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Thursday, July 8, 1999 Published at 10:53 GMT 11:53 UK


Health

Prevention the key on heart disease

Heart disease kills more than 150,000 people a year in the UK

The White Paper says there should be a reduction in deaths from strokes and heart disease by 40% in people under 75.
Public Health

The targets are more ambitious than those contained in the Green Paper published last year.

The government hopes they will save an estimated 12,000 lives a year.

It is appointing a heart disease task force with a national supremo to champion the cause, and placing £2m worth of heart defibrillators into public venues so that trained members of the public can tend heart attack victims.


[ image: Many people who have heart attacks die before reaching hospital]
Many people who have heart attacks die before reaching hospital
Apart from this, the government sees prevention as key to achieving its target and believes that the new Health Development Agency, which replaces the Health Education Authority in England, will persuade more of the public to stop smoking, reduce stress, eat more healthily and take exercise.

And it hopes its economic policies will increase prosperity and therefore cut the overall level of disease.

Heart disease is the UK's leading killer - 93,000 men and 78,000 women died from it in 1991, and a quarter of these were under 65.

The factors that make someone more likely to suffer from it are a family history of heart disease, high cholesterol levels, diabetes, high blood pressure, obesity and smoking.

High blood pressure is a leading cause of strokes, where a blood clot blocks a blood vessel leading to the brain, starving it of oxygen, causing damage or even death.

Every year, about 100,000 people in the UK suffer strokes for the first time - 10,000 of them are under retirement age. About a third of major strokes are fatal, a third result in some disability and a third have no lasting ill effects.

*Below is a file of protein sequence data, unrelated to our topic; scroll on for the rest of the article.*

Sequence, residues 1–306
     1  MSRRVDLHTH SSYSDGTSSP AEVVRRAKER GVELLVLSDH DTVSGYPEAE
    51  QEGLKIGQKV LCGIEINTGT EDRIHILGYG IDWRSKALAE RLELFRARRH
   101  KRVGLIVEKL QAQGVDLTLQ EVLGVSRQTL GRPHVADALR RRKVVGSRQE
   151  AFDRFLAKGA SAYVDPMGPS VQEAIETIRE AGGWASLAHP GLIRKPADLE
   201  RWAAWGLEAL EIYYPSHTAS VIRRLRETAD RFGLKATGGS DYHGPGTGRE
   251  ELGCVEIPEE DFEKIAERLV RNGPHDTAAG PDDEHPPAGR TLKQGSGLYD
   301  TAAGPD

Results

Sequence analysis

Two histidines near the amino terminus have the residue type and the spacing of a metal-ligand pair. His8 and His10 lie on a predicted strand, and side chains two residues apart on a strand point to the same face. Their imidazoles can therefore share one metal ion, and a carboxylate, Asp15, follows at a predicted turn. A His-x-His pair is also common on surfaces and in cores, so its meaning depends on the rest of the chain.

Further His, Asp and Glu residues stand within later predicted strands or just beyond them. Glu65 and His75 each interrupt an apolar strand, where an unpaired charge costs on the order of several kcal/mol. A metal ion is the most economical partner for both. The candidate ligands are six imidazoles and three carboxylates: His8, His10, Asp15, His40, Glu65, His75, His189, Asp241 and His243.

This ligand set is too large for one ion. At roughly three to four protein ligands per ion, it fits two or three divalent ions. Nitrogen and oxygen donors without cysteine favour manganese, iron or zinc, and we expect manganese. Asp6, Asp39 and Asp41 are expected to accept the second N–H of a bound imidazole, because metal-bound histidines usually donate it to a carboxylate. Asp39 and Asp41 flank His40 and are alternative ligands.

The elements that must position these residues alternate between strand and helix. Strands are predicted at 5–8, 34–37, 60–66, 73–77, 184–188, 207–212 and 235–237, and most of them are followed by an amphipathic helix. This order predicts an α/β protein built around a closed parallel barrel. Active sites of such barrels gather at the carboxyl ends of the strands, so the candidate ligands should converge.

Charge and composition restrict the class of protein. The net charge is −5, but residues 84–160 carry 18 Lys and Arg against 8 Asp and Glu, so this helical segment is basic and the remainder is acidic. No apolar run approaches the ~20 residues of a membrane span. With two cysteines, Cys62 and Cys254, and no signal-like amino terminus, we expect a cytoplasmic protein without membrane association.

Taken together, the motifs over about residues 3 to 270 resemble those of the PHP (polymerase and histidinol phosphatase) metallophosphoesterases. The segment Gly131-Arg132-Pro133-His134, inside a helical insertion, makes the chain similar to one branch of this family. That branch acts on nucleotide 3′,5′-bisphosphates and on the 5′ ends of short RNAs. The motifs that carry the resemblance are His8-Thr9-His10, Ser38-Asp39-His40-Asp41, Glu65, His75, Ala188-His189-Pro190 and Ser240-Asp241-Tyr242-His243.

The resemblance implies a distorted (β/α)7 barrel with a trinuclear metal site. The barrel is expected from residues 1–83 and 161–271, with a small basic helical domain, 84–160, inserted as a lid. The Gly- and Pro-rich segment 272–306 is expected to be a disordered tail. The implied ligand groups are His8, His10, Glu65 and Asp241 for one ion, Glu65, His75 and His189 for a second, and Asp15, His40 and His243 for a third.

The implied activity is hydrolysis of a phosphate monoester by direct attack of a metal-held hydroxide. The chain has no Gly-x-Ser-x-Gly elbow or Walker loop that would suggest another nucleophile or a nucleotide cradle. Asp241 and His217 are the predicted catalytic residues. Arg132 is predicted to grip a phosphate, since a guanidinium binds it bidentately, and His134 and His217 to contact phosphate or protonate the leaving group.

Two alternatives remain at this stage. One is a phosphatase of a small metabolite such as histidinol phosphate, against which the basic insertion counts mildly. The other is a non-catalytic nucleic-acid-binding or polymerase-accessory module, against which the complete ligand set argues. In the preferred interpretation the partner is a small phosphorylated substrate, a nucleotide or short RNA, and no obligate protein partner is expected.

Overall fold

[ image:  ]
Stroke is the third highest cause of death, and the largest cause of severe disability in England and Wales.

Smoking, a major cause of coronary heart disease and hypertension, is already being targeted in a government anti-smoking initiative, which includes a tobacco advertising ban and free nicotine replacement patches for poorer patients who want to give up.

In addition, as a measure to tackle high blood pressure, the government says it will enter negotiations with the food industry to cut the salt content of some foods.

Shock tactics

One key proposal is that defibrillators, the electric shock machines that can restart the heart following a massive heart attack, be placed in public places for use by trained people.

The government is making £2m available to fund 400 machines.

The public will be trained through a new "Healthy Citizen" programme.


[ image: Defibrillators could be available in public places]
Defibrillators could be available in public places
It has been suggested that railway stations and shopping centres are ideal places to put the devices.

The initiative has been welcomed by Baroness Audrey Emerton, Chief Commander of St John Ambulance.

She said: "Around two thirds of all patients with coronary heart disease die before reaching hospital. The speed with which defibrillation is performed is absolutely crucial."

Putting defibrillators into the community would "undoubtedly" save lives, she said.

Professor Sir Charles George, medical director of the British Heart Foundation, said he was "delighted" by the proposal.

"The presence of defibrillators and fully trained operators in public venues could make the difference between life and death for someone having a cardiac arrest."

But Shadow Health Minister Dr Liam Fox criticised the defibrillator pledge, questioning how members of the public would know when to use the devices.

He said: "How will they be trained? what indemnity will there be?

"It would be better to spend the money on improving ambulance response times."



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